Are coupons and discounts tax deductible for a S Corporation business when filing business taxes?

The business would not deduct the cost of the coupons or discount. For business tax reporting purposes a business would only report the income received post coupon or discount. A coupon or discount, that have not been used are not deductible for the business, since the business did not incur any costs from coupons that were not turned in. An example would be a business offering a $100 off the purchase of a new set of tires, if one person comes in and purchases a set of tires that would normally cost $400, the business would only report the $300 made after the discount was redeemed.

When are business taxes deductible, the year the incurred or the year they are paid?

When business taxes are able to be used as deductions will depend upon what type of accounting method the business uses, cash or accrual. If a business is using the accounting method of cash then the business tax expense would be deducted in the year that the business tax expense was paid. If the business is using the accounting method of accrual, then the business tax expense would be deductable the year that the business tax was incurred. The cash method is the primary accounting method for many individuals and small businesses.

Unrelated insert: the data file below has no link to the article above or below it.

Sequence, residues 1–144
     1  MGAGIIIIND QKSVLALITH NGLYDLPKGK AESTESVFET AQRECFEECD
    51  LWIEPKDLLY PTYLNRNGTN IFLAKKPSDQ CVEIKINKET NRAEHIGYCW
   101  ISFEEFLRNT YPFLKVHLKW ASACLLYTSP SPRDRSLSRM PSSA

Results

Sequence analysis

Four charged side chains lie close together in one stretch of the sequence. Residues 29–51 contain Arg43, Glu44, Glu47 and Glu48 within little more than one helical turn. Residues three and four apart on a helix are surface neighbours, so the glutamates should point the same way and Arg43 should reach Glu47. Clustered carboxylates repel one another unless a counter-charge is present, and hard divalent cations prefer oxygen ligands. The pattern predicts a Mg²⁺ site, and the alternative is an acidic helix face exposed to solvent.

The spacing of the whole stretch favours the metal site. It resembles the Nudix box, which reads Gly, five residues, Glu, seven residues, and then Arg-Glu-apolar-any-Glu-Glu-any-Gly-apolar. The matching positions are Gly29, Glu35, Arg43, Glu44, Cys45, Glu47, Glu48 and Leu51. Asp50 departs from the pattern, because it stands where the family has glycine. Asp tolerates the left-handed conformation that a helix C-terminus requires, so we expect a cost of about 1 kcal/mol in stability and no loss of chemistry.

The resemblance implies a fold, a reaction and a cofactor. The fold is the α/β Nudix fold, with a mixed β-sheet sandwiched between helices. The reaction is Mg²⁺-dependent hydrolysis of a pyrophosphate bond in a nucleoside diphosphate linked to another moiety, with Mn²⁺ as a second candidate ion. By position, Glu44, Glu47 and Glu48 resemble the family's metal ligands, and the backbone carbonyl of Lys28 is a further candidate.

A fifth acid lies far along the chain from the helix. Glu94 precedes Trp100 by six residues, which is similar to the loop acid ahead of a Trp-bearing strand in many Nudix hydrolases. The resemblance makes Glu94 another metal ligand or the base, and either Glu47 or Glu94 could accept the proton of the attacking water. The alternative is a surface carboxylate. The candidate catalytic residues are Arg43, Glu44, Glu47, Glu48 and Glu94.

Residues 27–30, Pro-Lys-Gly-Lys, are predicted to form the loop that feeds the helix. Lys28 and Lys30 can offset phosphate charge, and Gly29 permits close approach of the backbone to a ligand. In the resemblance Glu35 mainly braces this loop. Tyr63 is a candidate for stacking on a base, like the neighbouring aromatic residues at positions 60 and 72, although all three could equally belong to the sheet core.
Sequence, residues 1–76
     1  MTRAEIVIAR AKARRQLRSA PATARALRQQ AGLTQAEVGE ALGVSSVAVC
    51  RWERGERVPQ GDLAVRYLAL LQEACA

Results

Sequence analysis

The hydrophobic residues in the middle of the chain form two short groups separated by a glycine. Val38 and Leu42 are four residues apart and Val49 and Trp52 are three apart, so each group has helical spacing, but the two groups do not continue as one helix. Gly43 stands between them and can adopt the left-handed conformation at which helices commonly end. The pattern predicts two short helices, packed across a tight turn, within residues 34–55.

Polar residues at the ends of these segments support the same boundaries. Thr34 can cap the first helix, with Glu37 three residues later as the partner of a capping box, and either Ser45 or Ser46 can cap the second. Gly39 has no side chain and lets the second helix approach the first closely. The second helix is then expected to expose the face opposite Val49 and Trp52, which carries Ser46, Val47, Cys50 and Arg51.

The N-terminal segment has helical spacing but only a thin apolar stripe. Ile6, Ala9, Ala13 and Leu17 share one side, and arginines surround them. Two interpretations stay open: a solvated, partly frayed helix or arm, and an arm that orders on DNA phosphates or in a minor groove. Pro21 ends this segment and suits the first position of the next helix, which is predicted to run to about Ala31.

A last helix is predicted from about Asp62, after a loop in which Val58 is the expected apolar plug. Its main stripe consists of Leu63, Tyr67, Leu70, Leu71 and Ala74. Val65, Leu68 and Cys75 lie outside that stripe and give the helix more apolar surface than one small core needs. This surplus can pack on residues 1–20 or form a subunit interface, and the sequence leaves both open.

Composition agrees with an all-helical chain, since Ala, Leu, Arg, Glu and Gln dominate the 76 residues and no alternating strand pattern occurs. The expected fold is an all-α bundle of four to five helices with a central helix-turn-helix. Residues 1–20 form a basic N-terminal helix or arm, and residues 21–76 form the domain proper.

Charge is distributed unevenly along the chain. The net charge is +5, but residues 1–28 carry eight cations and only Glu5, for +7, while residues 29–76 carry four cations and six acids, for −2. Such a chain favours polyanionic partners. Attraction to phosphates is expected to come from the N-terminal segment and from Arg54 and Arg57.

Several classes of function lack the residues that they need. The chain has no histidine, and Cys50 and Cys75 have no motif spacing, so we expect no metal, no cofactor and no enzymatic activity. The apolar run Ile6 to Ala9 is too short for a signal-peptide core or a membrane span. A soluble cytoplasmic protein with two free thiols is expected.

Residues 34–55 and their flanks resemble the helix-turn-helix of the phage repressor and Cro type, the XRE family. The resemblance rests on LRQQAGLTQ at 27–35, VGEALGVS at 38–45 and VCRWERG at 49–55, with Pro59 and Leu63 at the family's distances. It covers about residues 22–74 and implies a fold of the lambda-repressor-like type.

Business tax expenses are deductible, but when the deduction is to be made will depend on the business’s accounting method. Business tax law may at times be hard to understand, if a person doesn’t understand and may need Expert advice.
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Recent Business Tax Questions

  • NC Sales and use 1. We purchases a new asset (>$1000) from